Middle English explanen, from Old French explaner, from Latin explanō (“I flatten, spread out, make plain or clear, explain”), from ex- (“out”) + planō (“I flatten, make level”), from planus (“level, plain”); see plain and plane. Compare esplanade, splanade. Displaced native Middle English arecchen, irecchen (“to explain, expound”) (from Old English āreccan, ġereccan).
- To make plain, manifest, or intelligible; to clear of obscurity; to illustrate the meaning of.
- To explain a chapter of the Bible.
- 1909, Archibald Marshall [pseudonym; Arthur Hammond Marshall], chapter I, in The Squire’s Daughter, London: Methuen, OCLC 12026604; republished New York, N.Y.: Dodd, Mead and Company, 1919, OCLC 491297620:
- The boy became volubly friendly and bubbling over with unexpected humour and high spirits. He tried to persuade Cicely to stay away from the ball-room for a fourth dance. Nobody would miss them, he explained.
- 2012 March 1, Brian Hayes, “Pixels or Perish”, in American Scientist, volume 100, number 2, page 106:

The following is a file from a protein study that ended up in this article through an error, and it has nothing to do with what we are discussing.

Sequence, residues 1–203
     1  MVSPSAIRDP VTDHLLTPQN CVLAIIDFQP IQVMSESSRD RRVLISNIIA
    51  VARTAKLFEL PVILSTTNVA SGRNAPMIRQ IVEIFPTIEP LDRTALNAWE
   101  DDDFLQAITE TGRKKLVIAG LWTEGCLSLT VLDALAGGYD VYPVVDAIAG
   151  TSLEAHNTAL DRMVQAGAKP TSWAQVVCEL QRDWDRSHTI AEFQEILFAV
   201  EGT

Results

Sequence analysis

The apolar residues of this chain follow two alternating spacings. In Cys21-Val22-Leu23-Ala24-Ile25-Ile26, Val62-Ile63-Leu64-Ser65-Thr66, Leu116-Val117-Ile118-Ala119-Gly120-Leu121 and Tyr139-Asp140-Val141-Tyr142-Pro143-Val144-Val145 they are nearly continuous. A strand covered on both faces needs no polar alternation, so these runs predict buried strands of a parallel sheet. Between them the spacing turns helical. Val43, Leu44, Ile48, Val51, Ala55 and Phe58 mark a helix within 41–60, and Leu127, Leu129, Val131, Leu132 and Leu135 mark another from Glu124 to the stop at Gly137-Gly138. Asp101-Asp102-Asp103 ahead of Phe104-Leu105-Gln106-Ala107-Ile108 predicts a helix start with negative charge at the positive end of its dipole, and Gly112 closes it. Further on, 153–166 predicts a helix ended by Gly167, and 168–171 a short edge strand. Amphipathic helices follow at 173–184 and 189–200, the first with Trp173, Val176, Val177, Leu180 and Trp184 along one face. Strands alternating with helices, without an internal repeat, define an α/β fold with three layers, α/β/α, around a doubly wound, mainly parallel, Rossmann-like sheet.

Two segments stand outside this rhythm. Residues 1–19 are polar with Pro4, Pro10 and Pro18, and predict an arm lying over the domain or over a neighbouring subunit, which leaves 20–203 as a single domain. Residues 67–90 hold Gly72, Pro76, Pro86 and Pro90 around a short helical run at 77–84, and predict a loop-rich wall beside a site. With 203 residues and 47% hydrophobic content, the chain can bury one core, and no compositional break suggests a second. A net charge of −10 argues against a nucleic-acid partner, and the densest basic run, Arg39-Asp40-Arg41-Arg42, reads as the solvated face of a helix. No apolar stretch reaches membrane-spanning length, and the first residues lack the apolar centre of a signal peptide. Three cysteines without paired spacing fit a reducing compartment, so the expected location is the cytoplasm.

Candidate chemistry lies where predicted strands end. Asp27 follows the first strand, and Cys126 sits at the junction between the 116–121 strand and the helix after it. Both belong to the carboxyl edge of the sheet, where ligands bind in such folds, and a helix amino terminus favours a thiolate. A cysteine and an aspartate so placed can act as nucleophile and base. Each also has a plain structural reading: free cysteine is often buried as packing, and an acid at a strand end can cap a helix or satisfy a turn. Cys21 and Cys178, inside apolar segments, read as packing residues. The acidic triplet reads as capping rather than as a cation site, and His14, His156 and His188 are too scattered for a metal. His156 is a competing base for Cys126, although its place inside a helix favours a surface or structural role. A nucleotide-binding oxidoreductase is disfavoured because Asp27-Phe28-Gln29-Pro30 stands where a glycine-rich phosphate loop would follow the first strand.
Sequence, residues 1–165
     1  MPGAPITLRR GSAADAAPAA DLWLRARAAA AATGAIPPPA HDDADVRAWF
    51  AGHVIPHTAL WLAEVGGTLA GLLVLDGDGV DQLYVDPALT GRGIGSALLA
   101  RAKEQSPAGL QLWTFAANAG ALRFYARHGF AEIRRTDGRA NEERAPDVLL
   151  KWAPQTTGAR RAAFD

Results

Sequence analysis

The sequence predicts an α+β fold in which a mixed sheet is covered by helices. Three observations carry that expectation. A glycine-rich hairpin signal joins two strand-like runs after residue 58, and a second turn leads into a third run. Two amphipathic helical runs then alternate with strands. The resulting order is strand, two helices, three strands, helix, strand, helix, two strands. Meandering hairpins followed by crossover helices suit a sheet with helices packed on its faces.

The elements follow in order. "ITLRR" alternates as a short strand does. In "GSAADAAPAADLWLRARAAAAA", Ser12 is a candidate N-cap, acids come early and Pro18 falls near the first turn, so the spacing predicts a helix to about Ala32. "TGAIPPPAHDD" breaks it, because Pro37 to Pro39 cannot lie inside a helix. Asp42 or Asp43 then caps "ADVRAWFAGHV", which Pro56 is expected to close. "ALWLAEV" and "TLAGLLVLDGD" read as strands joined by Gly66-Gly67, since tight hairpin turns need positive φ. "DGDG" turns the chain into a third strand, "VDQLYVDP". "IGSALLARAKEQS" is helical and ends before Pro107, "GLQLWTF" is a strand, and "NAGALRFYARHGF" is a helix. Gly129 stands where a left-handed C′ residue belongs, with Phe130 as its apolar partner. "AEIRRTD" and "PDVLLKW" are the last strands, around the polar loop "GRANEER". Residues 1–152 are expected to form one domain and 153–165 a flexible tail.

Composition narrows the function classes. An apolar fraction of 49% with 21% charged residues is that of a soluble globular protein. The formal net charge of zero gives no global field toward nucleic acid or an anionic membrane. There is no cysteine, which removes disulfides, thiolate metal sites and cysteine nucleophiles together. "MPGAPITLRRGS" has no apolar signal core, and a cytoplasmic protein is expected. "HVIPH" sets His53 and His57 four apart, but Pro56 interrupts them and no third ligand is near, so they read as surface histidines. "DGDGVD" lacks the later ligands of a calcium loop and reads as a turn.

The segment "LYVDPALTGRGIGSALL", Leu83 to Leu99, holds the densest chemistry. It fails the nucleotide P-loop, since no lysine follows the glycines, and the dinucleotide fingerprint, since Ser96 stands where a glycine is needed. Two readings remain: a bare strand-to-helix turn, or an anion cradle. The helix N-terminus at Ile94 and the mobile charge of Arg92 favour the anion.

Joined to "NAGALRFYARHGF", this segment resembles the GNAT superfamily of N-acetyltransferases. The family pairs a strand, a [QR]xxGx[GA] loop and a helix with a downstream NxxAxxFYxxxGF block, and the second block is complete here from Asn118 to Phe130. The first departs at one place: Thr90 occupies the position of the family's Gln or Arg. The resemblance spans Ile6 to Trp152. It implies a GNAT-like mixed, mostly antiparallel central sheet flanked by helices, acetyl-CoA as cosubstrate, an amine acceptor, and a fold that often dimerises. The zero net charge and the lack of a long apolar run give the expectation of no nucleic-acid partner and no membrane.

- Drawings and pictures are more than mere ornaments in scientific discourse. Blackboard sketches, geological maps, diagrams of molecular structure, astronomical photographs, MRI images, the many varieties of statistical charts and graphs: These pictorial devices are indispensable tools for presenting evidence, for explaining a theory, for telling a story.
- To give a valid excuse for some past behavior.
- 2013 June 7, David Simpson, “Fantasy of navigation”, in The Guardian Weekly, volume 188, number 26, page 36:
- It is tempting to speculate about the incentives or compulsions that might explain why anyone would take to the skies in [the] basket [of a balloon]: perhaps out of a desire to escape the gravity of this world or to get a preview of the next; […].
- (obsolete) To make flat, smooth out.
- (obsolete) To unfold or make visible.